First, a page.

- Law and Government — Knowledge of laws, legal codes, court procedures, precedents, government regulations, executive orders, agency rules, and the democratic political process.
- Administration and Management — Knowledge of business and management principles involved in strategic planning, resource allocation, human resources modeling, leadership technique, production methods, and coordination of people and resources.
- Customer and Personal Service — Knowledge of principles and processes for providing customer and personal services. This includes customer needs assessment, meeting quality standards for services, and evaluation of customer satisfaction.
- Critical Thinking — Using logic and reasoning to identify the strengths and weaknesses of alternative solutions, conclusions or approaches to problems.
- Reading Comprehension — Understanding written sentences and paragraphs in work related documents.
- Writing — Communicating effectively in writing as appropriate for the needs of the audience.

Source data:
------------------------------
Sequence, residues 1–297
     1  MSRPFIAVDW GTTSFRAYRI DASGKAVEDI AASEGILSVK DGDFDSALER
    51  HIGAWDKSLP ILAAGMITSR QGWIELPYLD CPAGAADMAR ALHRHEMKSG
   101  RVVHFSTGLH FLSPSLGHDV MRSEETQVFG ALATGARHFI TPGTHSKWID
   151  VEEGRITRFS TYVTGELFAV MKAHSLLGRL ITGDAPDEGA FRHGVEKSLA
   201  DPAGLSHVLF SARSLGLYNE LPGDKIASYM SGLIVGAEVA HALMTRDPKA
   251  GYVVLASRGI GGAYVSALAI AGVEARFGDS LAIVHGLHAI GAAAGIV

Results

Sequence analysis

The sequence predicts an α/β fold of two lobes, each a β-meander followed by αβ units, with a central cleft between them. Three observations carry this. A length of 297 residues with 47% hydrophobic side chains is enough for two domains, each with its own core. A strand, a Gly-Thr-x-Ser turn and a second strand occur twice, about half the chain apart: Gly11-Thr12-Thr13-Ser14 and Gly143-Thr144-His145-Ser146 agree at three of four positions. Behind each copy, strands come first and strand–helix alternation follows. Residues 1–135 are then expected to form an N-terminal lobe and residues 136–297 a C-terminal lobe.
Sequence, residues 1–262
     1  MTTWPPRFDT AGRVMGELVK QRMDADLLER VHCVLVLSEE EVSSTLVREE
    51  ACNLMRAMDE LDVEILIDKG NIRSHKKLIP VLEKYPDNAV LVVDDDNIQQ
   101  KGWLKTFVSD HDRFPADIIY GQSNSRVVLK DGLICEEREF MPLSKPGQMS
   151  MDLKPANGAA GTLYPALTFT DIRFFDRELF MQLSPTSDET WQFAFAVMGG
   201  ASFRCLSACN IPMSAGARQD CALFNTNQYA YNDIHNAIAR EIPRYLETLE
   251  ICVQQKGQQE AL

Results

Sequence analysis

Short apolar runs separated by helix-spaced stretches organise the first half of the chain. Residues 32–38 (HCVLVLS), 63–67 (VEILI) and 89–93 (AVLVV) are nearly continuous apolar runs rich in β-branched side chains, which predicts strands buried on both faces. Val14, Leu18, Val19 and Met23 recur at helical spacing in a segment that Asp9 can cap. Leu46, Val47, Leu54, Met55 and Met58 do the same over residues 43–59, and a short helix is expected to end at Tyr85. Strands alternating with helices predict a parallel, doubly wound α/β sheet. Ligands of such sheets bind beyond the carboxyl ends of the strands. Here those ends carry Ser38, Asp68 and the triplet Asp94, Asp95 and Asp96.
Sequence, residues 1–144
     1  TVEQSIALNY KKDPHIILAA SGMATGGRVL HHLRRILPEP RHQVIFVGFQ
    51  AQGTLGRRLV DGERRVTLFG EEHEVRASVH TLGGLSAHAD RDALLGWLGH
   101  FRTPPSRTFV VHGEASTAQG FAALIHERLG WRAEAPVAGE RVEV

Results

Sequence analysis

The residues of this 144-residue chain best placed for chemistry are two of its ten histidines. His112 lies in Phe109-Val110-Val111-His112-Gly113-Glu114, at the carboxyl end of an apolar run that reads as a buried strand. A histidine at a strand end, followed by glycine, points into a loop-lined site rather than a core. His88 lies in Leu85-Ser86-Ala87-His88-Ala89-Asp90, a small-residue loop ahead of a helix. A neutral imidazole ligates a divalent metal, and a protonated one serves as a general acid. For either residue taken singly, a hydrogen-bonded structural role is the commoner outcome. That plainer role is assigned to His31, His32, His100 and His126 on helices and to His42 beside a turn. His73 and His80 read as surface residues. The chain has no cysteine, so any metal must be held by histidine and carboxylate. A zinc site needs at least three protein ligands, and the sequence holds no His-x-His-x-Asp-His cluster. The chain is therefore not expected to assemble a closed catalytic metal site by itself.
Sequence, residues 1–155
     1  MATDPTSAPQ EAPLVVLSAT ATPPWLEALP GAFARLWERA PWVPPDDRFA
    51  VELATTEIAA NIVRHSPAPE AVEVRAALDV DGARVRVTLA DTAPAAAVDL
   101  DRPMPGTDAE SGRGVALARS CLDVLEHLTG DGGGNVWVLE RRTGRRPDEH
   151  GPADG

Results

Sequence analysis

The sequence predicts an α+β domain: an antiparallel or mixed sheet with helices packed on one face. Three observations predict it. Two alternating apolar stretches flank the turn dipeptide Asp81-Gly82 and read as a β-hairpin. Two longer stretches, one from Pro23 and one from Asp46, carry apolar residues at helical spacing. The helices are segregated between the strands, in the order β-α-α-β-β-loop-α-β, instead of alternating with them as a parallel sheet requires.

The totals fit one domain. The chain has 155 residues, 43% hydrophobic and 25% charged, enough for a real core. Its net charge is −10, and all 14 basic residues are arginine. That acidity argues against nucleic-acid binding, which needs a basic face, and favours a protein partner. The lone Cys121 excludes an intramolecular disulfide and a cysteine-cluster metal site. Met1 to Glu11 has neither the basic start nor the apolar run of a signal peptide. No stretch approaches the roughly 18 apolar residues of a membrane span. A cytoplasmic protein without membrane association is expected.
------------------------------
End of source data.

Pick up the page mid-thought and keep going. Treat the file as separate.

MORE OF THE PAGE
- Speaking — Talking to others to convey information effectively.
- Active Listening — Giving full attention to what other people are saying, taking time to understand the points being made, asking questions as appropriate, and not interrupting at inappropriate times.
- Complex Problem Solving — Identifying complex problems and reviewing related information to develop and evaluate options and implement solutions.
- Judgment and Decision Making — Considering the relative costs and benefits of potential actions to choose the most appropriate one.
- Mathematics — Using mathematics to solve problems.
- Active Learning — Understanding the implications of new information for both current and future problem-solving and decision-making.
- Monitoring — Monitoring/Assessing performance of yourself, other individuals, or organizations to make improvements or take corrective action.
- Systems Analysis — Determining how a system should work and how changes in conditions, operations, and the environment will affect outcomes.
- Systems Evaluation — Identifying measures or indicators of system performance and the actions needed to improve or correct performance, relative to the goals of the system.
- Time Management — Managing one's own time and the time of others.
- Persuasion — Persuading others to change their minds or behavior.
- Social Perceptiveness — Being aware of others' reactions and understanding why they react as they do.
- Written Comprehension — The ability to read and understand information and ideas presented in writing.
- Oral Comprehension — The ability to listen to and understand information and ideas presented through spoken words and sentences.